Academic journal article AEI Paper & Studies

Beyond Good and Evil: Understanding the Role of For-Profits in Education through the Theories of Disruptive Innovation

Academic journal article AEI Paper & Studies

Beyond Good and Evil: Understanding the Role of For-Profits in Education through the Theories of Disruptive Innovation

Article excerpt


For decades, for-profit educational provision has been tolerated, often grudgingly. In the world of charter schooling, for-profit providers are lambasted and sometimes prohibited. In higher education, for-profit institutions have grown rapidly, enrolling millions of nontraditional students and earning enmity, suspicion, and now investigative and regulatory actions in Washington. When it comes to student lending, teacher quality, and school turnarounds, there is a profound preference for nonprofit or public alternatives. All of this is too familiar to be remarkable.

The problem is that K--12 and higher education desperately need the innovative thinking and nimble adaptation that for-profits can provide in the presence of healthy markets and well-designed incentives. As critics have noted, for-profits do indeed have incentives to cut corners, aggressively pursue customers, and seek profits. But these traits are the flip side of valuable characteristics--the inclination to grow rapidly, readily tap capital and talent, maximize cost-effectiveness, and accommodate customer needs. Alongside nonprofit and public providers, for-profits have a crucial role to play in meeting America's twenty-first-century educational challenges cost-effectively and at scale.

However, we rarely address for-profit provision in this fashion. Most statutory and regulatory discussion focuses on how to rein in for-profit providers. There is little discussion of what it would take to harness the potential of such providers, while erecting the incentives and accountability measures that can ensure a level, dynamic, and performance-oriented playing field.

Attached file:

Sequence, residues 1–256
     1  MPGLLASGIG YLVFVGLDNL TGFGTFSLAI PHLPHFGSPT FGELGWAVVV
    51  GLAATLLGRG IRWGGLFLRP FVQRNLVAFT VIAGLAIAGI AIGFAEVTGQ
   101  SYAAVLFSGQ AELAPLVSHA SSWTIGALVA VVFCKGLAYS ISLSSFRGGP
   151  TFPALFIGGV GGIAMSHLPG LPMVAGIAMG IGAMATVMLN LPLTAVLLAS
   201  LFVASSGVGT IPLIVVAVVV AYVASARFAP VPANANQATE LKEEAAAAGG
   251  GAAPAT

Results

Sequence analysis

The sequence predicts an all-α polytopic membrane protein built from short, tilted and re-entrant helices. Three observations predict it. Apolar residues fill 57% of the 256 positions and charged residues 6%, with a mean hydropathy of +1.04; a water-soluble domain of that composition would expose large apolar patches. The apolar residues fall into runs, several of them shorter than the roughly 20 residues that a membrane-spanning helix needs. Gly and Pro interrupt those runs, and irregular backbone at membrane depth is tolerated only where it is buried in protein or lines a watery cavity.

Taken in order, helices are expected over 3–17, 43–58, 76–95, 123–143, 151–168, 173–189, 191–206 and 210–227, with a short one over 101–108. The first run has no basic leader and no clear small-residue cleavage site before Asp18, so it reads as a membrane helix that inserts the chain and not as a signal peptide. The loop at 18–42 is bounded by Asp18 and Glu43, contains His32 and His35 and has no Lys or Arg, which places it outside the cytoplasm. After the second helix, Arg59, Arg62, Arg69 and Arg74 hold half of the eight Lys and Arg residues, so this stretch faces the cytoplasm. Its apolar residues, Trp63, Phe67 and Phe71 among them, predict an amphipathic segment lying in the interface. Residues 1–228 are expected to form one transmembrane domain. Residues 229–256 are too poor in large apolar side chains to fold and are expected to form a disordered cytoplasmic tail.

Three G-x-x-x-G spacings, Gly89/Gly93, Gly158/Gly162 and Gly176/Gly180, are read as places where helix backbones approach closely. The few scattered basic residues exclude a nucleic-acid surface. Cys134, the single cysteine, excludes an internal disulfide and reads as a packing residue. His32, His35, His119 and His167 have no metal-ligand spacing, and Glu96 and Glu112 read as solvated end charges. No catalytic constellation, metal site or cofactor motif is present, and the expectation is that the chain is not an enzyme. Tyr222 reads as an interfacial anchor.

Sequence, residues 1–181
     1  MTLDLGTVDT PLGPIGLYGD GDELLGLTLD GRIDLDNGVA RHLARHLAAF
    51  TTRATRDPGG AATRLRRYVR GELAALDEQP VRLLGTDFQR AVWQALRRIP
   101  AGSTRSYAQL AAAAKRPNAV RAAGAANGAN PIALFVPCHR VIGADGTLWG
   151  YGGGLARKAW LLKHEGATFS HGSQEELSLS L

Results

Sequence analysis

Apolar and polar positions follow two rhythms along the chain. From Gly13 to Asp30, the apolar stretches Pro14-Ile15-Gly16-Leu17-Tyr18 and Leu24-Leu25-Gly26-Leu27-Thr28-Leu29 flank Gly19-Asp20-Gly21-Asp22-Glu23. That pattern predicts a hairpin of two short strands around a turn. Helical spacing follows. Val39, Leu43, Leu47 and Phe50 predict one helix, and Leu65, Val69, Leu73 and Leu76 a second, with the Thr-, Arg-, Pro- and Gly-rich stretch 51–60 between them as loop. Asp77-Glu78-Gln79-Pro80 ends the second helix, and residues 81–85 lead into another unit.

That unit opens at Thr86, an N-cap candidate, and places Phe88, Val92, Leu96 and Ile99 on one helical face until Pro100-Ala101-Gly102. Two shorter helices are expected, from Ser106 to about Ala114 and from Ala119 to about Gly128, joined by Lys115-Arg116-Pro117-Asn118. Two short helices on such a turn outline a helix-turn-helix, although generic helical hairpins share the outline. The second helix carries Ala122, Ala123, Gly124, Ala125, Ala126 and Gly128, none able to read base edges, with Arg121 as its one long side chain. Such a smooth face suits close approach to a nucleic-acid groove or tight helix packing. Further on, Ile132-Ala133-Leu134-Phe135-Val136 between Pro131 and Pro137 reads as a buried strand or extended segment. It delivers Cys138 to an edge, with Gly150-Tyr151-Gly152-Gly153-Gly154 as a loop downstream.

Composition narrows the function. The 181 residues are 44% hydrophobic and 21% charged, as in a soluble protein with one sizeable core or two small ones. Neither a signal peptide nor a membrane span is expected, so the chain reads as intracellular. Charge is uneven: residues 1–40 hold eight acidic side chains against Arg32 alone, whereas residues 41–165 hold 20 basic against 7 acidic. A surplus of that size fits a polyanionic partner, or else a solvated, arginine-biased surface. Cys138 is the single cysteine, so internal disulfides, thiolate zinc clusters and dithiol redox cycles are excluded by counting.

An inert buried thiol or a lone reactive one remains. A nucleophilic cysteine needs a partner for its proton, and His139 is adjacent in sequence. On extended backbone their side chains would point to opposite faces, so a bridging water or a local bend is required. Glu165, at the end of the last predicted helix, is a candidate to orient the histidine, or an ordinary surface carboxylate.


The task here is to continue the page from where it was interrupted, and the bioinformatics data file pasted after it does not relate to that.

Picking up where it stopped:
AEI's new Private Enterprise in American Education series is designed to pivot away from the tendency to reflexively demonize or celebrate for-profits and instead understand what it takes for for-profits to promote quality and cost-effectiveness at scale. In the first installment of the series, Michael B. Horn of the Innosight Institute explains why policymakers and reformers who castigate for-profits or nonprofits as inherently bad or good are mistaken. It is not about whether for-profits are "bad" or "good," Horn cautions, but about what for-profits are and are not given incentives to do regarding consumer satisfaction, embedded regulatory structures, and shareholder demands. As Horn argues, "Government should not discriminate between for-profits and nonprofits as a matter of blanket policy. Instead, it should ask if the company with which it is contracting, for-profit or nonprofit, is delivering on what society is paying it to do, as determined by both the spirit and letter of the law. And policymakers more broadly should be asking if the law is asking these organizations to do the right thing."

Given tight budgets and the heated debates over gainful employment, the role private enterprise can and should play in American education needs to be brought to the forefront of reform discussions. I am confident you will find Horn's piece as eye opening and informative as I have. For further information on the paper, Michael Horn can be reached at For other AEI working papers, please visit For additional information on the activities of AEI's education policy program, please visit or contact Jenna Schuette at


Director of Education Policy Studies

American Enterprise Institute

Executive Summary

The role of for-profit companies in public education--education financed by the government--has attracted increased scrutiny over the past few years. Though for-profit entities such as textbook companies have had contracts with public school districts for decades, recent controversy over what government officials and others perceive as low graduation rates and questionable marketing practices within the for-profit higher-education space has drawn significant negative attention. …

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